So... After looking around I decided to go for a Ubiquiti UniFi UAP as the sole WAP: turn the wifi off on the TalkTalk hub, and have the UAP supply just a single SSID (dual band for both 2.4 and 5ghz) that everyone can use. Supposedly, the UniFi UAP's are very good for that, and the PoE made positioning much easier since it didn't need mains power running to where I wanted it. So I decided to mount it on the underside of the hallway ceiling in pretty much the most central point of the house with the infrastructure being:

Hub > backhaul upstairs > Netgear GS105 switch. The GS105 then feeds a cat 6 run a second bedroom and the PoE injector for the UAP. Nodal point is in the upstairs landing cupboard > cat6 from the PoE to the UAP. Simple.

See crude diagram
1602299580457.png


Everything installed as I wanted it to, I did all my own terminations and punch downs, made up patch cables etc (all tested and running at full speed, so I know I used 568B on everything) and then came the UAP power on (I'd already set it up and configured the SSID, password, etc) at home before installing. Powered on, my laptop (upstairs) connected and it ran great: about 32/33 Mbps on a speed test. My phone, that couldn't even see the TalkTalk hub's 5ghz network upstairs connected with full reception bars. Great! The downstairs front room, when my mum tutors online showed good solid connection too. But this is where it went wrong: the kitchen (which has a middle room between it and the hallway where the UAP is) showed drastically slower link speed than the TalkTalk hub, and in the garden my phone dropped the connection. Using the WifiSweetSpot app I was seeing 359 Mbps (average) link speed between the TalkTalk hub (5ghz) and my phone but only 100 Mbps when connected to the UAP. Granted the TalkTalk hub was only 8 feet away in (almost) line of sight (only a wooden room divider between) and the UAP was roughly 25/30 feet away but I have a feeling the load bearing wall between the UAP and where I was sitting is killing the signal. It's only a couple foot deep from the ceiling (above the doorway) but it's 9 thick brick with old school lime plaster either side, and the UAP wifi has to pass through it rather than go through the open door below it. Couple that with then having to go through an outside wall to the garden, it just couldn't handle it. Annoying, since the UAP I bought as the AC-LR (long range) and it has a 3x3 MIMO antenna config that's supposed to be high output. But whilst the upstairs is better off than it was, the downstairs (on the whole) is worse...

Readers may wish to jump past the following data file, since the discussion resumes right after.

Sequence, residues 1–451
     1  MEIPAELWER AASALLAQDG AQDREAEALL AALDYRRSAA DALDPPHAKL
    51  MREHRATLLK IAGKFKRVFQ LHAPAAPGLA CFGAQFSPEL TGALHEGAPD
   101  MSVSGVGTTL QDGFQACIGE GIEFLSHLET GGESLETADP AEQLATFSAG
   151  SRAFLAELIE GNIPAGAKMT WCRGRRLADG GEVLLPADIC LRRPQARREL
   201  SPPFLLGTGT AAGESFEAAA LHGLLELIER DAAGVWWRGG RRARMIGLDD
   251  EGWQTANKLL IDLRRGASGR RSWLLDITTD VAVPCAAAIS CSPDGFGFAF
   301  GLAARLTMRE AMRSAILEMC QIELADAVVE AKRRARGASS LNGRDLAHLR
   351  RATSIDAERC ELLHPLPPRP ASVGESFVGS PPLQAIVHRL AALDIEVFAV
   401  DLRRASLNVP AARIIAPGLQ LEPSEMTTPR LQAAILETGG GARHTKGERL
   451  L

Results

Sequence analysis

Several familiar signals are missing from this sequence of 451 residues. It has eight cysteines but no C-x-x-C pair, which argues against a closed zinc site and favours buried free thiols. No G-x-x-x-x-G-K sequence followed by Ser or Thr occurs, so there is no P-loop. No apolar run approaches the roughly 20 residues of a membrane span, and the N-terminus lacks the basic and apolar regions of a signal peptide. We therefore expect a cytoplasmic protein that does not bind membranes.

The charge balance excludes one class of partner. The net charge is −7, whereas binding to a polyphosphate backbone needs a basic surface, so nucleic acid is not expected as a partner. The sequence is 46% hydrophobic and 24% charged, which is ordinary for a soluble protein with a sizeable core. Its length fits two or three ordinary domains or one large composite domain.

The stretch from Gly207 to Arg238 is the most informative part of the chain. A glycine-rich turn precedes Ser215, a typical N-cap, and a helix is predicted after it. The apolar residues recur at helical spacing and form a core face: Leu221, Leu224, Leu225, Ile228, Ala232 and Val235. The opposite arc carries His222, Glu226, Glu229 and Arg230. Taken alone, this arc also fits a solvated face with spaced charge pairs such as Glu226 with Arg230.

So now I'm stuck what to do. I don't particularly want to have both the TalkTalk hub and the UAP serving wifi, as it kinda defeats the purpose of having the UAP in a central location and I could just put a lower power Express upstairs as a WAP, and run both the hub and Express together (as I did before with the two TalkTalk hubs), or even put an Express both upstairs and downstairs and run them, via ethernet backhaul) with a single SSID as I do at home, as the Apple stuff seems to work quite well together.

Sigh. Old well built houses and their wifi killing structure!
 

stuart07970

Well-known Member
Ouch!
i’m guessing the “LR“ probably means long range in ‘free space’.
I guess having put in so much work, you best option would be to add in the cheapest UAP, ideally back hauled, but you can mesh them if there no way to run a cable.